Marcy Bowers, executive director of the Statewide Poverty Action Network, which helped lead advocacy efforts for the legislation, said she was pleased to see it pass.

“It’s really clear that rural areas, who have fewer dentists, would be impacted by this,” Bowers said. “But even in somewhere like King County — where there are dentists all over the place, but many don’t have sliding scales or treat Medicaid patients — people aren’t always able to access care.”

In Washington, just 19.8% of adults 21 and over on Medicaid saw a dentist in 2021, according to a report from the Arcora Foundation, a Seattle-based oral health equity group. Any efforts to address the lack of care, particularly in more rural counties, are worth exploring, said Dr. Sarah Vander Beek, a dentist with Neighborcare Health, a federally qualified health center in Seattle.

“Our state has so many rural pockets and corners,” many of which have few or no local dentists, Vander Beek said. “I think there’s a lot to be learned from our tribal leaders about applying this in our state.”

Opponents of the new law, however, argue resources that could have gone toward expanding training in dental hygiene — where staffing holes are prominent — are now going to be redirected to dental therapy.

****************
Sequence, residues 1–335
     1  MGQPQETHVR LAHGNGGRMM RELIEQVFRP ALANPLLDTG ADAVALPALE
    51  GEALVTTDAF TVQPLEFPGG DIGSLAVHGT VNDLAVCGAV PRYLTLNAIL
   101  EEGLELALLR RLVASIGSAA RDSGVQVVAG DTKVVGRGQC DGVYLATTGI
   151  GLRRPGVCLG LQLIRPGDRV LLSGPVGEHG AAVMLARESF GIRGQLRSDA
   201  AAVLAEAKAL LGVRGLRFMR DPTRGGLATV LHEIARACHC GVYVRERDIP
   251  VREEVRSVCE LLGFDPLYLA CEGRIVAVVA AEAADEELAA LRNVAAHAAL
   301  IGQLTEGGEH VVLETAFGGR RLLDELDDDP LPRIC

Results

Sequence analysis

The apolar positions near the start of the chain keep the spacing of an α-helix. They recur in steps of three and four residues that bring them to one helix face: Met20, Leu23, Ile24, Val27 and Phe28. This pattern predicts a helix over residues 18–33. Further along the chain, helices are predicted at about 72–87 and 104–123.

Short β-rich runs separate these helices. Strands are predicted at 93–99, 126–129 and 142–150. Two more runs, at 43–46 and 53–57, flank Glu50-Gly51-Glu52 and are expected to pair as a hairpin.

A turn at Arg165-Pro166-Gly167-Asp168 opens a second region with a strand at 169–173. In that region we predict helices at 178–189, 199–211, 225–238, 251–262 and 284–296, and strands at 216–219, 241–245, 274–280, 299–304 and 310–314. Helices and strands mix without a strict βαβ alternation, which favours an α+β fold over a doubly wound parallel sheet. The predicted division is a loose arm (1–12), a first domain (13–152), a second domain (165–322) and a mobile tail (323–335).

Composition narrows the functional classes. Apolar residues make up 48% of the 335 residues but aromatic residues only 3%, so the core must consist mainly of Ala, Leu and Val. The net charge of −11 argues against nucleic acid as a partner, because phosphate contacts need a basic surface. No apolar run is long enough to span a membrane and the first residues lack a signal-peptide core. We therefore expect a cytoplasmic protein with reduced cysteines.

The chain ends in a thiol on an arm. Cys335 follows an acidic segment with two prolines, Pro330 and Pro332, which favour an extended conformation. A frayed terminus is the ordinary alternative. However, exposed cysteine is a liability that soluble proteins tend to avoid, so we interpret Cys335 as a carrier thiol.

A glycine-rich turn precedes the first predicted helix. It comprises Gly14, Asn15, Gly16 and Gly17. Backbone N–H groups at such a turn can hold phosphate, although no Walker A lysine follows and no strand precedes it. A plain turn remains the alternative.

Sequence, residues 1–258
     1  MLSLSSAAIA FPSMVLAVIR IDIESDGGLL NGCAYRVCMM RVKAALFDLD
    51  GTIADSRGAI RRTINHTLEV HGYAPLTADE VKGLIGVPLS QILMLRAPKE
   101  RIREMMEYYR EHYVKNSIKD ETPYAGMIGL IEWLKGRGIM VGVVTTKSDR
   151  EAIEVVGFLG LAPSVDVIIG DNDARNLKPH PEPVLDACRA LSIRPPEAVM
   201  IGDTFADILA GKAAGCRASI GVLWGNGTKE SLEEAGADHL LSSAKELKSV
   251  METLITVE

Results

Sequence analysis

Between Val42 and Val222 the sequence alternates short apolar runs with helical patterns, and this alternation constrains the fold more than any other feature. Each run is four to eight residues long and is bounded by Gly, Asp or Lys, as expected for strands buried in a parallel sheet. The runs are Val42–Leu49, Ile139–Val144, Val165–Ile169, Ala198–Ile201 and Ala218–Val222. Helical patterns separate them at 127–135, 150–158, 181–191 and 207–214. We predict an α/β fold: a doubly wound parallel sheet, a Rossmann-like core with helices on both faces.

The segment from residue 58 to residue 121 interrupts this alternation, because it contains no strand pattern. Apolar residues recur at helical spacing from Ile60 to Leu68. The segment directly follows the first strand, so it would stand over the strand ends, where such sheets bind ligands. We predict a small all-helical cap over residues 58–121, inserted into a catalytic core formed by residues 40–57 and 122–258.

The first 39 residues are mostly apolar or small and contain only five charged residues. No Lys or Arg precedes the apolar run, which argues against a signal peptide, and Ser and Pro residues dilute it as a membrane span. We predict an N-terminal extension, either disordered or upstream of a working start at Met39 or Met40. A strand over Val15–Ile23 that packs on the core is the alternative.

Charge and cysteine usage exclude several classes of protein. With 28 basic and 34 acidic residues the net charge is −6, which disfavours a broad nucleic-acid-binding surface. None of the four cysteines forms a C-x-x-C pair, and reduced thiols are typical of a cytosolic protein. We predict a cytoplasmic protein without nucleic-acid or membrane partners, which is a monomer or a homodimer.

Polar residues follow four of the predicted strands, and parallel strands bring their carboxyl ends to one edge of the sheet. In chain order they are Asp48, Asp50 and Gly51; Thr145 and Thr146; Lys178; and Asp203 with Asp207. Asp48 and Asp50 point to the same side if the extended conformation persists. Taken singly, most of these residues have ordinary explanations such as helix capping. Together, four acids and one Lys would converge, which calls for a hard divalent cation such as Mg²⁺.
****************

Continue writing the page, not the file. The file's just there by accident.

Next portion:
“We fundamentally don’t believe we have a shortage of providers that need to do surgical, irreversible procedures,” said Bracken Killpack, executive director of the Washington State Dental Association, which testified against the legislation. “But what we do direly need is a workforce to provide preventive care.”

He continued, “While preventive care is within the scope of dental therapy … there’s a lot of additional training and a lot of additional expense that would be needed to use a dental therapy credential to provide preventive care — when you could simply get a dental hygiene credential.”

Plus, he said, dental therapy school can be expensive, though Swinomish’s therapists agreed it was more accessible than most four-year dentistry programs.

At the University of Washington, tuition costs about $55,000 to $65,000 per year for dentistry students who are state residents, not including books and additional fees. In comparison, the state’s sole dental therapy training program at Skagit Valley College is about $38,000 per year for three years.

Dental hygiene programs can range depending on the degree, but Shoreline Community College’s two-year program, housed within the UW’s School of Dentistry, costs about $12,000 to $13,000 per year.

While the dental association doesn’t agree with the expansion of dental therapy in the state, Killpack noted that they “respect [tribal communities’] sovereign right to determine how to deliver health care to their tribal members.”

As the state prepares new licensing requirements in the next few months, Skagit Valley College is welcoming applications for the fall cohort.

“I’m just really excited for other communities to have the opportunity to have the chance to have a dental therapist and see the impact they’re going to make in their communities because it works and it makes sense,” Chagnon said.

Loading...